+ – Text Increase

Nancy Stratford: WWII Pilot

By Pat Grant

Nancy Stratford moved to La Costa Glen from San Diego in 2008. Born Nancy Miller on June 12, l9l9, Nancy is celebrating her 100th birthday this year. She began flying at Oakland, CA in 1939. Applying to the Army Air Corps as a pilot, Nancy learned women were not allowed to fly.

Jacqueline Cochran, then foremost woman aviator, recruited Nancy to fly for the British Air Transport Auxiliary. Under siege, Britain was willing to accept foreign women. After passing flight testing in Montreal, Nancy was one of 24 qualified American women who went to England to fly.

ATA pilots needed 50 hours to fly at the time; Nancy had 450. The job was to fly to British bases, often under attack, all types of aircraft from trainers to 4-engine bombers, with no crew, no instruments, no ground control.

Of the 1300 pilots in the ATA, 150 were women who had the confidence and ability to fly anything, even in the “atrocious” English weather. Fog might make landing difficult, but occasionally Nancy flew for the ATA from 1942-1945. Her autobiography, an account of those years, Contact! Britain, features some of the 50 types of planes she flew, from Spitfires (her favorite) to Wellington bombers. She also mentions funny mishaps, mostly with our common English language.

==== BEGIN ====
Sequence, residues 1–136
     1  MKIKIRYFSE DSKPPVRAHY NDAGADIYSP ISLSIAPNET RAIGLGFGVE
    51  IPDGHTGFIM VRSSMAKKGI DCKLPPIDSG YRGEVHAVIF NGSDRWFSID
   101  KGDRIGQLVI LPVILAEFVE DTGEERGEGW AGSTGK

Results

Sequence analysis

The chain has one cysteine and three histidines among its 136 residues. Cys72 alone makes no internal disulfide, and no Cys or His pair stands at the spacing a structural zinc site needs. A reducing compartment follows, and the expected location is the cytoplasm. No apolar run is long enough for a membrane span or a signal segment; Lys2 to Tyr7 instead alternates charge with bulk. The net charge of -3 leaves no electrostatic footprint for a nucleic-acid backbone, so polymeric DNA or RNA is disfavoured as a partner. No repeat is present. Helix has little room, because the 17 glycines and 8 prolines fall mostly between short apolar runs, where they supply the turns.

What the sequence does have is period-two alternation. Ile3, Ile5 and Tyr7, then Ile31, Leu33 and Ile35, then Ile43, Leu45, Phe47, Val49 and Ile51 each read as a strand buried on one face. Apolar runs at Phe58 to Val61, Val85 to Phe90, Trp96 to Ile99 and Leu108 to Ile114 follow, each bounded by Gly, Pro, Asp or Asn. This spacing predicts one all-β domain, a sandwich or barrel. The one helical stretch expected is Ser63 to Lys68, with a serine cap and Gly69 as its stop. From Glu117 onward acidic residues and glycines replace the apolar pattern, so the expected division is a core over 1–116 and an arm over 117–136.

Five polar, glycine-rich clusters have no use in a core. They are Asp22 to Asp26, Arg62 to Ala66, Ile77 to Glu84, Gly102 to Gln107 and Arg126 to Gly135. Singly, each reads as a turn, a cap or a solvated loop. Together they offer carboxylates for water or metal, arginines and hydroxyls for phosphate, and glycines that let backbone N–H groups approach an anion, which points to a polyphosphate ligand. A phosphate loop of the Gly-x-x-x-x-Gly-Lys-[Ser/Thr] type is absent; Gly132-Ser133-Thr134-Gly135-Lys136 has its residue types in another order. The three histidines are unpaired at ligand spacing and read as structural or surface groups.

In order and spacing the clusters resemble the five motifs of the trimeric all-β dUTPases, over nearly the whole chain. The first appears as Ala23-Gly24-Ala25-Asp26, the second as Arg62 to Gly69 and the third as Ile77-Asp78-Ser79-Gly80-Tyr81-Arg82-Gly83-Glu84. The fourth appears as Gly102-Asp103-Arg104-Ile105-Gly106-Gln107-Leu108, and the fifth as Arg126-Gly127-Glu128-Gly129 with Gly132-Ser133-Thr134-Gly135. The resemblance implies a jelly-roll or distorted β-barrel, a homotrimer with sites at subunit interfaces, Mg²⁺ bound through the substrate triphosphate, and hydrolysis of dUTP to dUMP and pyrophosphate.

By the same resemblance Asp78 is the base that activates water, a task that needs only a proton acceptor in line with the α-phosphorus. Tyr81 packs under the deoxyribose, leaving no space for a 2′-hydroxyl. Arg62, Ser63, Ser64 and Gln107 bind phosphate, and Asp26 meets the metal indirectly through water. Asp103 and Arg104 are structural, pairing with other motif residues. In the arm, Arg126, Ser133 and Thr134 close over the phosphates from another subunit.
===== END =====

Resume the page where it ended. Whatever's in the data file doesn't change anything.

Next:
After the war, unable to get a job as a pilot in the U.S., Nancy started a helicopter service in Alaska with her first husband, Arlo Livingston. In 1978 she retired from flying, her hearing damaged by engine noise, after 8500 hours in 105 types of aircraft. In 1991 she moved to San Diego with second husband, Milton Stratford.

Honored by George VI of England, Nancy Miller Livingston Stratford’s life exhibits perseverance, pioneering achievement in flight, courage under fire, and lots of fun!

Sign up for community updates:

URL: